Worship Resources For Everyone


We are still following some aspects of COVID-19 safety.
The safety measures we follow continue to evolve so be prepared for changes.

Weekend Masses are on Saturday at 5:00pm, and on Sunday at 10:00am and 6:00pm, each with reduced (but different) covid safety restrictions:
– Saturday 5:00 PM: Live music but with no singing. Masks are optional, but recommended.
– Sunday 10:00 AM: We will be singing, but masks are required. As of mid September we have reduce the amount of singing for greater safety.
– Sunday 6:00 PM: Live music but with no singing. Masks are optional, but recommended.
– We ask for your patience as we care for one another. We continue to monitor the situation, and we note the recent increase in hospital beds being taken up. We also do not wish to add to the already stressful situation of our health care workers . So far there is still plenty of space for people to spread out in church, so choose a space that makes you feel comfortable.

Daily Mass are Monday, Tuesday, and Thursday at 7:30 AM.
– Masks are optional.

Live stream video of the Sunday 10:00 am Mass.
See the Mass Live Stream page for the link to the live stream and more details.


December 5th, The Second Sunday of Advent
A link to the readings from the United States Conference of Catholic Bishops:

For Your Reflection

This week in the Gospel, we head to the wilderness to find John the Baptist proclaiming forgiveness of sins through Baptism. This Gospel is not so much about being saved from as being saved by and for; John is preparing the way for Jesus. We are called by John the Baptist to actively “make straight” our relationships with God and others. He is calling us to clean up our lives. It is a call to prepare our own hearts; to break down the barriers that we have put up; to clear the obstacles that we have placed in our path. John’s message interrupts the circumstances of our life. His message disrupts the patterns and habits of our life with family, friends, business transactions and consumer activities. John’s message is always a message of hope and promise. The word of God comes in every time and circumstance, offering a new way, a new life, a new world. Every day of the year we tend to be distracted by mountains of work, paths of indecision, valleys of doubt and fear. God’s love will always find a way. We simply make it easier to recognize God’s love if we help prepare a way. We know there are going to be valleys and mountains at various times in our lives – some we create and some we encounter. We need inner peace which begins with a relationship with God. We can exchange our weaknesses and replace it with God’s strength in any area of life. Advent provides a time to slow down and identify the movement of God already in our lives.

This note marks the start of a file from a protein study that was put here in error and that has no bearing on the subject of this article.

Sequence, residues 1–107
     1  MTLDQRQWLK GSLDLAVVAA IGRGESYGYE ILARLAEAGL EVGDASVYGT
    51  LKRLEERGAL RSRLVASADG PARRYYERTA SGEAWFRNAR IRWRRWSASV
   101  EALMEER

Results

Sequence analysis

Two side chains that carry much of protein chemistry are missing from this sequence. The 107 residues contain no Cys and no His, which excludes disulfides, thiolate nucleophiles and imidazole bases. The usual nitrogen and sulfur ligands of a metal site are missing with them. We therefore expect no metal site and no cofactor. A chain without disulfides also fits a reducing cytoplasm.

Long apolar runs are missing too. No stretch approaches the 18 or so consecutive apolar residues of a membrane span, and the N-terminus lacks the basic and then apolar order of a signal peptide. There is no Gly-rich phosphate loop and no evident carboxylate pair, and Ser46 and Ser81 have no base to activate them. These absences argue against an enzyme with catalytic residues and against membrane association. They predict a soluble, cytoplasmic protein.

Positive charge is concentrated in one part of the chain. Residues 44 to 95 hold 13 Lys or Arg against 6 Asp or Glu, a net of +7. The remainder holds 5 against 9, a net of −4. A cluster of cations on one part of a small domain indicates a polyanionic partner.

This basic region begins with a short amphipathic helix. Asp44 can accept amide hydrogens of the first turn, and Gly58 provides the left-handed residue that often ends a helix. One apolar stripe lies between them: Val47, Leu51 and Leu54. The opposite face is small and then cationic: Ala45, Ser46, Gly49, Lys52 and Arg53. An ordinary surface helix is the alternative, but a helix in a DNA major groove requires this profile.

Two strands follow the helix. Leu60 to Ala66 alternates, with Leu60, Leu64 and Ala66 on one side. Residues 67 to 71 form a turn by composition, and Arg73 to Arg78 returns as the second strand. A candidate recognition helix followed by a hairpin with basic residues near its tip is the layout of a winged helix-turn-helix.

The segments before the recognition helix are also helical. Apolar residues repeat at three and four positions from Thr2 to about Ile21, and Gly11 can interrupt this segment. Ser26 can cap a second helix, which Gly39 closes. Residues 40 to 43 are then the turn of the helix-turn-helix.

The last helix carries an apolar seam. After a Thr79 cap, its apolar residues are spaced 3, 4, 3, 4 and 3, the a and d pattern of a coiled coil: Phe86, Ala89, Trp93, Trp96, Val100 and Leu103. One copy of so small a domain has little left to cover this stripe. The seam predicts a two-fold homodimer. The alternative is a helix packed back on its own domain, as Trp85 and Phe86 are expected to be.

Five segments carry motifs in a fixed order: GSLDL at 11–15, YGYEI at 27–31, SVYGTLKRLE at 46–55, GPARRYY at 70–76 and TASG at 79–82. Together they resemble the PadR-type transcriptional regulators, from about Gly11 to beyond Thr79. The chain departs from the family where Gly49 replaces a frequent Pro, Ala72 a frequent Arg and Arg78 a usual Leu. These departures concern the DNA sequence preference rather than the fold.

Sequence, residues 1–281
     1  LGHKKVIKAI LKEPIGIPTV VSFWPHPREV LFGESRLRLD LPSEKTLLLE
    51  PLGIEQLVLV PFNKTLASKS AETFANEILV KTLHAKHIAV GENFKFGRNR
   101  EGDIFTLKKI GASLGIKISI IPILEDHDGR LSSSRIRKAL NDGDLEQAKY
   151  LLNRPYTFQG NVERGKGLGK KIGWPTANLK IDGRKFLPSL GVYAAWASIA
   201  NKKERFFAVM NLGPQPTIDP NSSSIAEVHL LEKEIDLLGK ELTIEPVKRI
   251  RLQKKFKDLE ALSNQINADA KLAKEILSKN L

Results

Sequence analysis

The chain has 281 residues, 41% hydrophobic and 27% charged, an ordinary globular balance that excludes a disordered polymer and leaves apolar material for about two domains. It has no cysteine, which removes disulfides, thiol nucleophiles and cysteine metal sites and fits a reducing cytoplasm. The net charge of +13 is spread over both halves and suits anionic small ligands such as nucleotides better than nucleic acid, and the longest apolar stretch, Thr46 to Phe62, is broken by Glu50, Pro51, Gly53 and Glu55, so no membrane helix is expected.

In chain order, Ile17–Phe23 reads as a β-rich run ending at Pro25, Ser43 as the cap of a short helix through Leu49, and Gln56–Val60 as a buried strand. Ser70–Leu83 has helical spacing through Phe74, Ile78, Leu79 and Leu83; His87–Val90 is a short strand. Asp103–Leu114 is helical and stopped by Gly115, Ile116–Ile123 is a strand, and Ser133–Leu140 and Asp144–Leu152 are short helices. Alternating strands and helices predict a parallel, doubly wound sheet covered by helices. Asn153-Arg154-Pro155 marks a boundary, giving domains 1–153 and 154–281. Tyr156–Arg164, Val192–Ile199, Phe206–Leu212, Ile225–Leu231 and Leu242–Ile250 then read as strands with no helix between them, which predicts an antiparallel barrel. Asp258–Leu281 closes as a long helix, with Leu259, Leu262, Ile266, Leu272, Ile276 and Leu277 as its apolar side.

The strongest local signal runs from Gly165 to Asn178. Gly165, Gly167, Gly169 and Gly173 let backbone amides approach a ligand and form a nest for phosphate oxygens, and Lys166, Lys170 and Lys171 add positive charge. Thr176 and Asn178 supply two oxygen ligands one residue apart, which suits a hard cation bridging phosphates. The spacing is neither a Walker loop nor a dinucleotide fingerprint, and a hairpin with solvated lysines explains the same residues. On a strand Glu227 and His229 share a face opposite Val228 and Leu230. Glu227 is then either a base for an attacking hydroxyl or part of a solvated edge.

Preparing for God’s arrival means rethinking systems and structures that we see as normal but that God condemns as oppressive and corrupt. It means letting God make humble everything that is proud and self-satisfied in us, and letting God heal and lift up what is broken and beaten down. The claims of our world’s leaders often conflict with God’s claims. John calls us to let God’s bulldozers reshape the world’s social systems and the landscape of our own minds and hearts. One way we can prepare a way for the Lord is to recognize our own faults and failings and to seek forgiveness. Repentance begins with examining our lives and discovering the patterns and habits of seeing, thinking, speaking, acting, relating, and living that blind us to who God, our neighbor, and we ourselves really are. They are things like anger, pride, fear, greed, the need for approval, perfectionism, judgement, gossip, the need to control or be right, tribalism, busyness, sorrow, self-hatred, and despair. We repeat the same patterns, tell ourselves the same old stories, and listen to the same old voices. Life becomes static and we are stuck in the past trying to live a life that is no longer vital. John’s call for repentance is the call for us to face and deal with our past. While we cannot undo or alter the past, we can break free from it. Every act of unselfishness, every act of companionship, every act of setting right some injustice, every act of encouragement so that a person begins to bloom in a new way, every act of advice to avoid some folly which would hurt or stunt someone’s growth, all these actions make a path straight for our Lord to enter that person’s heart. Each of us could name the highs and lows, or mountains and valleys of our life. We could recount the crooked paths on which we got lost and the rough ways on which we stumbled and fell. Repentance is the movement away from what was to what might be. We need to hear the word of God and act on it. We should not miss this blessing as we answer the call to be a peacemaker in our communities. Can we listen to each other’s stories and use them to enlarge the capacity of our hearts?



Music as Prayer (Bis orat qui bene cantat)

A greater entrance into the prayer of the Liturgy is achieved by being familiar with the music. In particular, the Psalm functions best as a meditation on the readings when we know it well and the mechanics of singing it do not consume too much of our focus. Similarly, with the individual parts of the Mass Settings (the sung acclamations)

At this time we have sung music only at the Sunday 10:00AM Mass.

Entrance Song:

Come Now, O Prince of Peace (vss. 1 & 2)  (not in hymnal)




YouTube Link: The Lord Has Done Great Things for Us (#69)

Gospel Acclamation:

Missa de Lumine (CREATOR OF THE STARS OF NIGHT)   (not in hymnal)

Preparation of the Gifts:

Instrumental only

Eucharistic Acclamations:


Lamb of God:



Instrumental only


Come Now, O Prince of Peace (vss. 3 & 4)  (not in hymnal)


Corpus Christi recordings streamed with permission under ONE LICENSE #A-723284. All rights reserved.


The Worship Calendar: